Healthcare online Keeping you up-to-date
VOL.  22     ISSUE:  1  January  2024 Medical Services Department

SQUARE Pharmaceuticals PLC.





P G Dip. Business Management



Mushfiqur Rahman



Dear Doctor,

Welcome to our online healthcare bulletin e- SQUARE !

In this issue, we focused on some interesting features like -
"Alzheimer's Diseases !
", "'Good Cholesterol' !", "Bariatric Surgery !", "Lung Cancer !",  "Efficacious ORS !", "Chronic Pain !".

In our regular feature, we have some products information of SQUARE Pharmaceuticals PLC. as well.

Please send your feedback !  We always value your comments !

Click on to reply mode.

On behalf of the management of SQUARE, we wish you all a very happy, healthy and prosperous life.


Yours sincerely,


Editorial Team

Reply Mode      : e-square@squaregroup.com

The views expressed in this publication do not necessarily reflect those of its editor or SQUARE Pharmaceuticals PLC.

 Alzheimer's Diseases !

Immune genes are altered in Alzheimer's patients' blood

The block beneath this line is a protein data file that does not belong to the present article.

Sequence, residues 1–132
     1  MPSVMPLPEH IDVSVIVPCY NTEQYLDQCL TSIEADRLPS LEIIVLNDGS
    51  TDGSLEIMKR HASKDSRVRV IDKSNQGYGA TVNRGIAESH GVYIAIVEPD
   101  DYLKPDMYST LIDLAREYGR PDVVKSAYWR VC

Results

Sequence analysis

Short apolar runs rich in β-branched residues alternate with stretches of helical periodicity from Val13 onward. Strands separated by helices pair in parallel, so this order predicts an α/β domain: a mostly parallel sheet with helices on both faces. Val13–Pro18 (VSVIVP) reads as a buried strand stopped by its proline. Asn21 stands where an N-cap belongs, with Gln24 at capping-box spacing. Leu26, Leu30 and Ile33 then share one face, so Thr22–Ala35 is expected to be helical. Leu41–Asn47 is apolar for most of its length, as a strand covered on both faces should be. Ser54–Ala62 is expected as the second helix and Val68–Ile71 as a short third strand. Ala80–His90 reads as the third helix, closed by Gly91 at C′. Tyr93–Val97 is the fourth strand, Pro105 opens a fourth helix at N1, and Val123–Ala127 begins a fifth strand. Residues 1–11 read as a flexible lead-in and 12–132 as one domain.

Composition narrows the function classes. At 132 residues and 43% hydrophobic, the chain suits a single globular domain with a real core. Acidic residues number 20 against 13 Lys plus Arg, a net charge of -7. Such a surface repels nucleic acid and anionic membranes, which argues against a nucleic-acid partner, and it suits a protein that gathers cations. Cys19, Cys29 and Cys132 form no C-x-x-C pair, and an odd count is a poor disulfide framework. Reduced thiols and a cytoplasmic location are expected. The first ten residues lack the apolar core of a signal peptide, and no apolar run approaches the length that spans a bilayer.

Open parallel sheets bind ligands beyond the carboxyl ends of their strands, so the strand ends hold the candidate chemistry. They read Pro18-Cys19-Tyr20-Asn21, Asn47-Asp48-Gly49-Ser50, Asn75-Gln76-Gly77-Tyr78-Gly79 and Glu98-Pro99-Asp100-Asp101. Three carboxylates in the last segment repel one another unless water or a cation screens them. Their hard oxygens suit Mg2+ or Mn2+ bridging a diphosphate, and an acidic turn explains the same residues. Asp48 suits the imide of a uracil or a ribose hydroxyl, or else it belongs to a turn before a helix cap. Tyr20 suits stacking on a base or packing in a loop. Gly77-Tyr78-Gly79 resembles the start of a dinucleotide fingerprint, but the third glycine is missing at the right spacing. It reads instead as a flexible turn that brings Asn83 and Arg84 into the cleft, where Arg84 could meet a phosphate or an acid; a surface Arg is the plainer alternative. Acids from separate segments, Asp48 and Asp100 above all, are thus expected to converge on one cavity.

A new study has found the immune system in the blood of Alzheimer's patients is epigenetically altered. That means the patients' behavior or environment has caused changes that affect the way their genes work. Many of these altered immune genes are the same ones that increase an individual's risk for Alzheimer's. Scientists now theorize the cause could be a previous viral infection, environmental pollutants or other lifestyle factors and behaviors. Many of these altered immune genes are the same ones that increase an individual's risk for Alzheimer's. Northwestern scientists theorize the cause could be a previous viral infection, environmental pollutants or other lifestyle factors and behaviors. Previous research showed that many of the mutated genes putting a person at higher risk for Alzheimer's are in the immune system. But scientists primarily studied the central immune system in the brain because Alzheimer's is a brain disease. Scientists have largely ignored the immune system in the blood, also known as the peripheral immune system. Scientists decided to study the blood & discovered every immune cell type in Alzheimer's patients has epigenetic changes, indicated by open chromatin. Chromatin is the packaging of the DNA within cells. When chromatin is open or exposed the cells' genome is vulnerable to alterations. Then, Scientists examined which genes are more open in these immune cells & discovered that a receptor CXCR3 on the T cells was more exposed. Scientists believes CXCR3 functions like an antenna on T cells that allows the cells to enter the brain. T cells do not normally enter the brain because they can cause inflammation. The brain is emitting a signal that it is damaged, and the T cells are homing to that signal by their antenna, CXCR3. T cells can be very toxic in the brain, but researcher don't know if these cells might be attempting to repair the damage in the brain. Scientists also discovered epigenetic changes in inflammatory proteins in white blood cells called monocytes & altogether, these findings indicate that immune function in Alzheimer's patients is significantly altered. It could be that environmental factors, like pollutants, or infections that a person has in their lifetime cause these epigenetic changes. The findings revealed several genes that may be therapeutic targets for manipulating the peripheral immune system. Next steps in the research are preclinical studies using in vitro culture systems and animal models to test these targets. The research is supported by National Institute of Neurological Disorders and Stroke grant NS112458 and National Institute on Aging grant AG078713, both of the National Institutes of Health, Bright Focus Foundation, Alzheimer's Association and Cure Alzheimer's Fund.